ABOUT THE STORY
This story was originally slated to be just one part. It was also supposed to be the normal 35-40,000 word size. However, because of story demands, it got longer than that. And even at its greater length, it still felt incomplete.
With encouragement from my wife, I decided to make it two books instead of one. Had Ghouls/Ghoul King seen print on paper, that’s probably how it would have been presented.
When I decided to publish it on the internet, I also decided to put both parts together into one longer book. On the net, I felt, there would be more chance of someone picking up one part accidentally, rather than understanding it was a two-part story.
So, rather than have people pissed at me for giving them only part of the story, I decided to sell both parts together. Though the price of this volume is more than the others, it’s still less than it would have been if it had been published in two parts.
I’m happy with the changes and expansions that I made in this story to make it longer. For one thing, we got more of Ivy in the expanded edition than we did in the original. For another thing, I got to add more ghoulish highlights.
Hope you like this extra-long story, too.
If you like my work, be sure to check out my literary website:
(Now www.stephendsullivan.com, though the Alliterates site may still work.)
You’ll find info there on lots of other scary authors, too.
I hope you’ll rejoin me for the next Frost story.
Tell your friends, too. The more people who buy the books, the more I can write. I’d like to continue the stories of Ivy, Grant, Tony, and the rest.
I think you’d like that, too.
—Steve Sullivan, Halloween 1999
Book Revised 10/28/99
The wheel turns once again… or… the more things change the more they stay the same.
This story is finally headed for print publication, and so Ghouls and Ghoul King are now separate books once more.
Whether this will be a problem for some readers, I’m not sure. Probably I’ll indicate it’s a two-part story on the cover of the books—once I finish the designs. I’ve even chosen a mini-series-within-the-series name: The Ghouls Saga. Sure, it’s just a two-book series, but it fits the format. Because in print books and the modern age of digital publishing, it’s important (or at least desirable) to have books in a series be a similar length.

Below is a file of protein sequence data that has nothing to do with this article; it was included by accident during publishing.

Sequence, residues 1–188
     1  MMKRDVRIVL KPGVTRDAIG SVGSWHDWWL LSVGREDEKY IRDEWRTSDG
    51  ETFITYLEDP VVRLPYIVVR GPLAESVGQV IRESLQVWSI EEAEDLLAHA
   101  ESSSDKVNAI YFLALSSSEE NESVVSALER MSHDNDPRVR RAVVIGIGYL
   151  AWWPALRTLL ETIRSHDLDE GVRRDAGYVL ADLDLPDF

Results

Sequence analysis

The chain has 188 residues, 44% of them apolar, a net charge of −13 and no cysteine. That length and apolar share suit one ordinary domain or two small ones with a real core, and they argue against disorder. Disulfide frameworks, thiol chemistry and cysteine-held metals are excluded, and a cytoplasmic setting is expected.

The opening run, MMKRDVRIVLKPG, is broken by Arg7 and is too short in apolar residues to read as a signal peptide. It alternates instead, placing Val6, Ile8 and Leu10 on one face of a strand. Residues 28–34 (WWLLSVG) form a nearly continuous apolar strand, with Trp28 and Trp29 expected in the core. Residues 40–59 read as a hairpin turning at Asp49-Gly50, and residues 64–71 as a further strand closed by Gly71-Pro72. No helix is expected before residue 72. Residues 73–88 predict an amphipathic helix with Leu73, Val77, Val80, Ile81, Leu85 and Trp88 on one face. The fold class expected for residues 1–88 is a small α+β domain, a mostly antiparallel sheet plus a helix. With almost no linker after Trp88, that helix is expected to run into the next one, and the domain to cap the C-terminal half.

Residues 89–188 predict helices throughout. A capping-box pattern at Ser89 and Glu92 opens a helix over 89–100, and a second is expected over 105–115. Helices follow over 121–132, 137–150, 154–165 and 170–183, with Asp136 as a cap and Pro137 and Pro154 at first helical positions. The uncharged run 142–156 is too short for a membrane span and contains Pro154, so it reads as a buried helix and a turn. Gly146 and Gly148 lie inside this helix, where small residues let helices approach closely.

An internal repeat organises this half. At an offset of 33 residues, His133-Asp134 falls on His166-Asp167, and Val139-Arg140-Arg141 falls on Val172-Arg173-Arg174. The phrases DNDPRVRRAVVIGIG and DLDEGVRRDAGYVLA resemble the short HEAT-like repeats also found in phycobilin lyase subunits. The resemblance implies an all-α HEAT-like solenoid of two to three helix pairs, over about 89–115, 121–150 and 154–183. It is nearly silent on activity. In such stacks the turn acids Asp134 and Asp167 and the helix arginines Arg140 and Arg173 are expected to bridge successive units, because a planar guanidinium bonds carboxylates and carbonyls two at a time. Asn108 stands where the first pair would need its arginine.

As mentioned in the original About section, above, the size goal for the original Frost Harrow books was 35,000-40,000 words. Why? Two reasons: One, because I felt that to be an ideal “pocket book” size for enjoying on a train (or whatever) during a commute—something a reader could breeze through in a few settings—and Two, because I intended to release the Frost books at the rate of one a month (for about 36 months), and I felt that length to be something I could write on a monthly basis.
And perhaps at the end of the Twentieth Century, that was true. Now that I’m older, though, it seems like a lot of words to lock myself into in so short a span of time.
Still, if my then-agent had managed to actually sell the series, I probably could have done it. Back then, it took me only a couple of weeks to write the first draft of a Frost book. Now… everything takes longer.
Maybe it’s the internet distracting all of us. Ha ha.
In any case, I really enjoyed revisiting this first part of The Ghouls Saga.
It was especially great hanging out with Grant and Ivy, who have had enough time to get over their traumas from the first books in the Frost Harrow series. Now they’re settling into being a couple, though doing so in the era where AIDS killed so many is a little trickier than it is now—pandemic aside. Back then, a careless fling could get you killed. (Praise modern medicine and pass the vaccinations, please!)
I’ve probably pointed out before that there are a lot of tributes to Dark Shadows in the Frost Harrow series. The really obvious ones here are the staff at Grant’s mansion, who are all named after DS writers, producers, etc. I think the Frost Hall staff are, too, but they don’t appear in this book. Check it out when they appear.
There are other tributes as well, though I’ve forgotten some of them over the intervening two decades.
“Who did I name Joe Rathburn for?” I asked myself as I was editing. Maybe nobody; I don’t always do tribute names. Kay is not named for the similarly named politician—of that much, I am sure. Tammy, on the other hand…
In any case, figuring out these kind of word games is not essential to enjoying this or any of the other Frost stories. They’re just Easter Eggs for those that care to find them or, just as often, hooks for me to remember something about the character involved when writing that character.
If you want to speculate about such things, feel free to do so on the Monster Conservancy FB page – www.SaveMonsters.com – or ask me via email or internet post.
The best place to find me and my work nowadays is at www.StephenDSullivan.com (or SDSullivan.com) or by looking me up on Facebook—though I sometimes let friend requests pile up before approving them.
You’ve waited over twenty years for Frost Harrow, though, so I guess you can wait a few weeks for me to check my FB requests.
7 December 2021